At about 12 o'clock Colonel Colquitt's brigade advanced to within supporting distance of my command.
At about 2.30 on the morning of the 27th my own and Colonel Colquitt's brigade were relieved by Generals Featherston and Pryor, and moved to a position near and beyond Mechanicsville, on the turnpike, where they remained, under a fire of shot and shell from the enemy's batteries along that road until the latter were turned by our troops in advance or silenced by our artillery. The brigade then moved forward with the division on the road to Cold Harbor, and was held for a short time in reserve after arriving at that point. It then consisted of the Third North Carolina and Forty-eighth Georgia, with a battalion of the First North Carolina, under Capt. H.A. Brown, and but a fragment of the Forty-fourth Georgia, which had been sadly cut up. Some portions of both the latter regiments were, as I have been informed, ordered by General Lee to act as a guard at the Chickahominy Bridge, on the Mechanicsville turnpike.
In the afternoon the brigade was ordered to the front to take position on the left of the line, which had been formed, and moved to the point designated. The country was densely wooded, and in some places covered with morass, and the movement was executed with some difficulty. In searching for position for the command I found some portion of our own troops already in front of the line which I was to occupy, and receiving a message from Brig. Gen. R.H. Anderson that support was required, I sent the Forty-eighth Georgia to the right of the position occupied by our own division to act in that capacity. The Third North Carolina and the battalion of the First remained upon the left. During the various movements in the thick woods and swamps a certain portion of the Third North Carolina became separated from the body of the regiment.
During this while the brigade, as well as the rest of the division, was under a heavy fire of artillery, but suffered comparatively little, being sheltered from view and partially from fire. 
Before dark the masses of the enemy appeared in the vicinity of the command, apparently endeavoring to turn our left. In this he was checked by the fire of our artillery and the charges made upon him by troops of different divisions and brigades in succession. These, from the nature of the ground, were more or less separate movements. The battalion of the Third North Carolina, under Colonel Meares, and of the First North Carolina, under Captain Brown, took part, doing good service. The Forty-eighth Georgia, from its position, was masked by the troops in front and did not get into close action.
The loss in this battle from the brigade was comparatively small.
During the night the troops remained on the field, and moved early the following morning, with the division in advance, toward the Grapevine Bridge, which had been destroyed by the enemy in his retreat during the night. It bivouacked within 1 1/2 miles of that point during Saturday and Sunday.
On Monday, July 1, it moved with the division early across the repaired bridge, and followed the route of the enemy's retreat until he was found in position on the farther side of White Oak Swamp Creek. Here it was brought to withing supporting distance of the artillery of the division, which engaged the enemy until night-fall, driving him from his position and enabling the pioneers to repair the bridge, over which we crossed on Tuesday morning, and followed the retreat of the enemy until our army came up with him in position at Malvern Hill.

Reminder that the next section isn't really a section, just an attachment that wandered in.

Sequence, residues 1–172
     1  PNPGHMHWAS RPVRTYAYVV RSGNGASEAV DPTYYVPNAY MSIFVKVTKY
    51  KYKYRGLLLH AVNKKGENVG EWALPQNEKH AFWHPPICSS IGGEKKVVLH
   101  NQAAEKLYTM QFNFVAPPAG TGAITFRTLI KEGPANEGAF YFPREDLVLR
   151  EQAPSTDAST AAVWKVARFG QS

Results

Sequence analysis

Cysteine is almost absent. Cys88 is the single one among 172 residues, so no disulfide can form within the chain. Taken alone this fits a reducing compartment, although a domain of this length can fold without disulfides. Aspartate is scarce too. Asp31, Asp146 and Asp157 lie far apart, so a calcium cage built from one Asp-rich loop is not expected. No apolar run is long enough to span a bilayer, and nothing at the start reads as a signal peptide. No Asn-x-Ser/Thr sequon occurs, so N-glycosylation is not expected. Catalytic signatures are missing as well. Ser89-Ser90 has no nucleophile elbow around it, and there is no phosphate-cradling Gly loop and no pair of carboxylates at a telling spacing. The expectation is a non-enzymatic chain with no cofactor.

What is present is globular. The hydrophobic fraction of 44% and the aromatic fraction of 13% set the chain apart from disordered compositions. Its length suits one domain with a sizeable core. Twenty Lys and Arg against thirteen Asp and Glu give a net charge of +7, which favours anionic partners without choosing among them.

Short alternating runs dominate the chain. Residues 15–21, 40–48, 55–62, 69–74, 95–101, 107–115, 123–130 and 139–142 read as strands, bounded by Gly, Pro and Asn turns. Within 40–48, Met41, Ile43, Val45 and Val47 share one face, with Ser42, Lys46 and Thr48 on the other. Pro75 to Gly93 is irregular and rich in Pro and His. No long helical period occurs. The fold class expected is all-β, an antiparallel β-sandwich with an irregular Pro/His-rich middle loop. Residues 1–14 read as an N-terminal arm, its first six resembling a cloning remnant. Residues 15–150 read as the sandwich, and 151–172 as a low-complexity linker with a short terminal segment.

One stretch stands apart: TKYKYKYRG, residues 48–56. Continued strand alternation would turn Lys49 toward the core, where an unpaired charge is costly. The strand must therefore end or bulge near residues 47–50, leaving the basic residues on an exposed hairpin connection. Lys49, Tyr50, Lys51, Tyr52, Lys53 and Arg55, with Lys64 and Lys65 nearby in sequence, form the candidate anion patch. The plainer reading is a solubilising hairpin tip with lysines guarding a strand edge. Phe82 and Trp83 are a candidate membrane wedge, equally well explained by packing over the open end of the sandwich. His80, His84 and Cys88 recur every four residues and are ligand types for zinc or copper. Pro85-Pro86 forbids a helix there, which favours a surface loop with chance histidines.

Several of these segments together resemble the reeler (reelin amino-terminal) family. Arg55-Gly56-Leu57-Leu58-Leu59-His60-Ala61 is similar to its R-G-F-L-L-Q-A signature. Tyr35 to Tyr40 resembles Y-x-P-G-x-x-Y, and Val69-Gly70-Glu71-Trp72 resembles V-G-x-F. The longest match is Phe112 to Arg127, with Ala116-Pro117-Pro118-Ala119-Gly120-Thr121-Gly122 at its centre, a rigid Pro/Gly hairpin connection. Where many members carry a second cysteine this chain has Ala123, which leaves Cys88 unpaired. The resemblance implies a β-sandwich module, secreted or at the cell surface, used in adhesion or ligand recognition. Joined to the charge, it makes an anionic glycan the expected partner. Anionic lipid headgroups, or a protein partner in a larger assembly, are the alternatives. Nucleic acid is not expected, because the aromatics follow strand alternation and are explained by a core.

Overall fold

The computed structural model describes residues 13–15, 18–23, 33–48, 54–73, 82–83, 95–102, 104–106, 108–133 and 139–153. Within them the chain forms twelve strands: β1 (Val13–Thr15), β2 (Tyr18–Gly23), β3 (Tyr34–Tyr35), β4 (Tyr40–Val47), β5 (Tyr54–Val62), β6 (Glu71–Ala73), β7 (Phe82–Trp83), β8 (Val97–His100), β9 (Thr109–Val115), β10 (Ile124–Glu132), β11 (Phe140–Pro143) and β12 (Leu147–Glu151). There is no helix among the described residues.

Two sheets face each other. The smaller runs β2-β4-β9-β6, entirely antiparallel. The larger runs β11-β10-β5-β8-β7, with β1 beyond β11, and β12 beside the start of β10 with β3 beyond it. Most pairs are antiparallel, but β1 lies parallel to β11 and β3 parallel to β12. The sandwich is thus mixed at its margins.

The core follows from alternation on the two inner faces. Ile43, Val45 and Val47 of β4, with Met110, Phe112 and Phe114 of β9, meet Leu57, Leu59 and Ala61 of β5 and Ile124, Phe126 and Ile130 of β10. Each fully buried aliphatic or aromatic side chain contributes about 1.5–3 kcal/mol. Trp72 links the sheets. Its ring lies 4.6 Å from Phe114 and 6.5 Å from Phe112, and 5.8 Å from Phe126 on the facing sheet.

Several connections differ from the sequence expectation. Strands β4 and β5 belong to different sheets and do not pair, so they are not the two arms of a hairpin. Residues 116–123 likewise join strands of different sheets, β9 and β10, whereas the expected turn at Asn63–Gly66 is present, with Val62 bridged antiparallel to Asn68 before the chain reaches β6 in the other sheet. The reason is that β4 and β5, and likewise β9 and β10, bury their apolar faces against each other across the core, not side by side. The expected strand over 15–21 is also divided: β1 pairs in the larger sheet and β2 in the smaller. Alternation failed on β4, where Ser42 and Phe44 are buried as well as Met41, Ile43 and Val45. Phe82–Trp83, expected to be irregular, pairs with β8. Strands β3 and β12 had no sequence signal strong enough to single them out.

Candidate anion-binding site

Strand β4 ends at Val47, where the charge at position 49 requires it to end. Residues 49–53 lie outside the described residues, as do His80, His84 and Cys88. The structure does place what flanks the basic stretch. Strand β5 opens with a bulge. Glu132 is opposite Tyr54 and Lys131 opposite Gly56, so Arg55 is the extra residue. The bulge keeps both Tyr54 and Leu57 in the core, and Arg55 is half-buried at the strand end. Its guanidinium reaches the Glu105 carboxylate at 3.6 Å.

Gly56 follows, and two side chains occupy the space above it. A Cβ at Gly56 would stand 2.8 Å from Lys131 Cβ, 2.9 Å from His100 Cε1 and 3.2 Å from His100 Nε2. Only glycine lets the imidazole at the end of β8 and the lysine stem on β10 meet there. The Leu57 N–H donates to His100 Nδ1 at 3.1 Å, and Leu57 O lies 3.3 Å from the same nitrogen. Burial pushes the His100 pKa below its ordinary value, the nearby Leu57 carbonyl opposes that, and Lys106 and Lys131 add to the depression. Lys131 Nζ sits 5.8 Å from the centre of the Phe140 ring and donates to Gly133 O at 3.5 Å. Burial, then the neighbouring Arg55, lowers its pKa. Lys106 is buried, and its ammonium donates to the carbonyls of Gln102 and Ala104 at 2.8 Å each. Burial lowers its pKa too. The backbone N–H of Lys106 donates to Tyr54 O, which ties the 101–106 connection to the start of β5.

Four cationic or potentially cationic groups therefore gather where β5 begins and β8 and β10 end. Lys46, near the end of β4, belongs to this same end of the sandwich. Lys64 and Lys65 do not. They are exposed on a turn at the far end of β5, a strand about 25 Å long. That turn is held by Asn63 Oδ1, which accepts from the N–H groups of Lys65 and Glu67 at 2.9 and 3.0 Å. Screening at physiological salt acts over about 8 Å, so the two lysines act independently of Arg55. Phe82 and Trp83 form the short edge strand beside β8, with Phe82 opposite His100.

Taking different positions during the morning, in the afternoon the brigade advanced, under orders from the major-general commanding division, through a heavy fire of artillery, to a dense wood in close proximity of the enemy's position, where it lay for a time in reserve.
At about 5 o'clock it was ordered to take position in a jungle near the hill upon which the enemy was established and to the left of General Anderson's brigade, which it did in the following order: The Forty-eighth Georgia was on the right, the Third North Carolina, the Forty-fourth Georgia (about 170 men of which had rallied and been brought by Captain Beck and other officers), and the First North Carolina on the left under Lieutenant-Colonel [William P.] Bynum, of the Second, who had been detached from the command of the First Regiment.
In obedience to the orders of General Hill I ordered a reconnaissance of the enemy's position, and found him immediately in our front in strong force, with a battery well advanced toward us and supported by strong lines of infantry. The number of his guns could only be judged of by the rapidity of his fire, owing to the nature of the country.
At about 6.30 or 7 o'clock an attack was made by the troops on our right, and we were, with the other brigades in advance, ordered by General Hill to move forward at once and attack the enemy. Gordon's and Anderson's brigades were on my right, and the troops of the three mounted the hill in a gallant manner. At its brow our troops were met with a furious fire of shot, shell, and musketry; officers and men fell fast, but they maintained their ground, opening and keeping up a severe fire upon the enemy in return, before which his advanced battery fell back and his troops wavered. He pressed hard upon our left, however, and while moving his regiment to its supports the gallant and accomplished Col. Gaston Meares, of the Third North Carolina Regiment, fell. Meanwhile Garland's and Colquitt's brigade had been advanced and made good the action on the right.